Table of Contents
Lime is produced by heating limestone which is more or less pure calcium carbonate. During heating, carbon dioxide is driven off and non-volatile impurities such as Oxides of Silicon, Magnesium, Aluminium, Iron and Manganese are left behind in the lime.
Pure calcium oxide is a white solid which melts at 2570°C. When the molten material is cooled, it solidifies in cubic crystals, but as ordinarily prepared it is non-crystalline, easily powdered and has a specific gravity varying from 3.08 to 3.30.
The specific gravity of lime depends on the temperature to which it has been heated, higher temperatures giving a denser product.
2. Sources of Lime
The lime is not generally found in nature in the free state but it is obtained by burning one of the following materials:
a. Limestone found in limestone hills
b. Limestone builders found in the beds of old rivers
c. Kankar Found below ground
d. Shells of sea animals.
3. Properties of Lime
Following are the properties of good quality lime, which makes it suitable for use as an engineering material
a. Easily workable.
b. Provides strength to the masonry.
c. Posses good plasticity.
d. Offers good resistance to moisture.
e. Stiffens early.
f. An excellent cement and adheres to the masonry units perfectly.
g. Lime masonry provides durability due to low shrinkage in drying.
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4. Uses of Lime
Followings are the various uses of lime:
a. It is used as a matrix for concrete.
b. It is used as a binding material in mortars for stoneware and also in bedding and jointing brickwork of low strength.
c. It is used for plastering walls, ceilings, etc.
d. It is employed for whitewashing and as a base coat for distempers.
e. It is used for knotting of timber work before painting.
f. It is used for the production of artificial stone, lime-sand bricks, foam-silicate products, etc.
g. When mixed with portland cement, the lime-cement mortar attains such valuable properties that it replaces the costly cement plaster and serves as a plasticiser.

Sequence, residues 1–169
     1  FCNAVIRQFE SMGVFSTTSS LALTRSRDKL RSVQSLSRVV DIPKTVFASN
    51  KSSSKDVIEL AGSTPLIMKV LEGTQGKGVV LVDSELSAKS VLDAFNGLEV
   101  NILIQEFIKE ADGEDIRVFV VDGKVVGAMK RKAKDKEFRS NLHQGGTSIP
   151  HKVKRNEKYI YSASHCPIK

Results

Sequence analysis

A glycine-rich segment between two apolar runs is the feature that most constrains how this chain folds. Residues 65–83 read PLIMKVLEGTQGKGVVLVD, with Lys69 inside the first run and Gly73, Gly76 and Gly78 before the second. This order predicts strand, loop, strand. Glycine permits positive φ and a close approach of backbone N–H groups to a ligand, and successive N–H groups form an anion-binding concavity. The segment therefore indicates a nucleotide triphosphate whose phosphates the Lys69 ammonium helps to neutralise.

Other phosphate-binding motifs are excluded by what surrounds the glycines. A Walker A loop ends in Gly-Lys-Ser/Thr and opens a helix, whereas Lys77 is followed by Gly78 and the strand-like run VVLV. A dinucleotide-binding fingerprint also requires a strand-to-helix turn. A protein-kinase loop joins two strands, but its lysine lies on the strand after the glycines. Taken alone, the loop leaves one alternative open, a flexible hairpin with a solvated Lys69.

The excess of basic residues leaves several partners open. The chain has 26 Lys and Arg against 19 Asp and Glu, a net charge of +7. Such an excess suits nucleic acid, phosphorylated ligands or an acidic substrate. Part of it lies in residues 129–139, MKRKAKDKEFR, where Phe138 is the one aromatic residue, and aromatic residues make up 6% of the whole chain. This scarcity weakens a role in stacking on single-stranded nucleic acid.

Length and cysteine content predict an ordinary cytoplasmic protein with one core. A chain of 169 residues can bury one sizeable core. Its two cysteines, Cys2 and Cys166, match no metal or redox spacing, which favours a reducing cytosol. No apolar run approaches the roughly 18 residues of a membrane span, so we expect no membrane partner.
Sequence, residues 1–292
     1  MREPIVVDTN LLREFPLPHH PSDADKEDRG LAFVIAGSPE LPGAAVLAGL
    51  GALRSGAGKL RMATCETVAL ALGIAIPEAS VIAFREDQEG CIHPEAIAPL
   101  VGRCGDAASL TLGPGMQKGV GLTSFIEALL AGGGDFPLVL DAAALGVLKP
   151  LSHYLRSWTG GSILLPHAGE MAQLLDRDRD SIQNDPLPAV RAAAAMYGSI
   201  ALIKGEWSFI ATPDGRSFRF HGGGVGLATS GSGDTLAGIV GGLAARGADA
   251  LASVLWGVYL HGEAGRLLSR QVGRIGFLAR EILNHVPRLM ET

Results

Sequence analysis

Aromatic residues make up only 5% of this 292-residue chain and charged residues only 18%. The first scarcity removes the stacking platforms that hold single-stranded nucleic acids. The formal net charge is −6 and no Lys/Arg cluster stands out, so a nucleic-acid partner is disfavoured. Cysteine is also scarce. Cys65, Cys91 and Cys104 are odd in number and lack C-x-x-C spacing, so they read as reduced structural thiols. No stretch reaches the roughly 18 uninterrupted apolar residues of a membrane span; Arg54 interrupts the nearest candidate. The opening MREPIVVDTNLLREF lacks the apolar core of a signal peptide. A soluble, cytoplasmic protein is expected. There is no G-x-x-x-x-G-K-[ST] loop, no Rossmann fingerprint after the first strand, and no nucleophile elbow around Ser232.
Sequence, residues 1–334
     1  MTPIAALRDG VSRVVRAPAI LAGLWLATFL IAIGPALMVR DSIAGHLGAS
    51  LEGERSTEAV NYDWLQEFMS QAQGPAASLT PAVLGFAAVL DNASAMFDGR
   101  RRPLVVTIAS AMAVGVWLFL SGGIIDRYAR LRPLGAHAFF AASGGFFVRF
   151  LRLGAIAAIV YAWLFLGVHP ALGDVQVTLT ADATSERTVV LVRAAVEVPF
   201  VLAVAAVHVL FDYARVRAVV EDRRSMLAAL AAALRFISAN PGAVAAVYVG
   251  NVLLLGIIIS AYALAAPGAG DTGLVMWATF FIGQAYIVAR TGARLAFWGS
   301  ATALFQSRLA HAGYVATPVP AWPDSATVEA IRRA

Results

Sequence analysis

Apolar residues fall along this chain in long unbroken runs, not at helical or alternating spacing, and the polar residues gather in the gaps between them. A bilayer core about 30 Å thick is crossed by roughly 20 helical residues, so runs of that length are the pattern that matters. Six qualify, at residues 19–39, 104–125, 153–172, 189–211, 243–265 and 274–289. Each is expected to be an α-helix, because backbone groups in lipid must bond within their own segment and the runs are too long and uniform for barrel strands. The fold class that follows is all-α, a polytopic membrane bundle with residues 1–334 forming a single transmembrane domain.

h. It is used as a flux in the manufacture of steel.
i. Eminently hydraulic lime can be used for masonry work below ground.
j. It is used in the manufacture of paints.
k. It is used for stabilizing the soils.
l. It is employed for creating good sanitary conditions in foul, damp and filthy places.
5. Constituents of Limestones
Following are the constituents of limestones ( Main source of getting lime ) :
a. It is responsible for producing hydraulicity in lime.
b. It retards slaking when present in small quantity, arrests slaking. When it is in excess.
c. It makes lime insoluble in water.
d. To make a good lime it is desirable to have 8 to 30% of clay.
a. To develop hydraulicity it is imperative to have silica and alumina present in chemical combination with limestone.
Hydraulicity is caused due to silicates of calcium, magnesium and aluminium.
These silicates are inserted at low temperatures but they become active and combine with lime at high temperatures.
a. It increases the setting process but reduces slaking.
b. Lime containing not more than 5% of magnesium carbonate gives better results and imparts hydraulics properties to the lime. But limes containing large proportions of magnesium carbonate are liable to crack (which ultimately disintegrate).